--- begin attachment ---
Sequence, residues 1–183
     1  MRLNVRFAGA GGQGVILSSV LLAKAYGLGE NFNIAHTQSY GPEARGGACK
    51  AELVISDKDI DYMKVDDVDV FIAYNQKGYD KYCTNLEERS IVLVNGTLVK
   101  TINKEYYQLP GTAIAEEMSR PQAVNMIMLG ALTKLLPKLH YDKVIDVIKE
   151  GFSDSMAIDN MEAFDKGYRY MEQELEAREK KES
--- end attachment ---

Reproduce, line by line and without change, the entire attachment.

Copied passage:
Sequence, residues 1–183
     1  MRLNVRFAGA GGQGVILSSV LLAKAYGLGE NFNIAHTQSY GPEARGGACK
    51  AELVISDKDI DYMKVDDVDV FIAYNQKGYD KYCTNLEERS IVLVNGTLVK
   101  TINKEYYQLP GTAIAEEMSR PQAVNMIMLG ALTKLLPKLH YDKVIDVIKE
   151  GFSDSMAIDN MEAFDKGYRY MEQELEAREK KES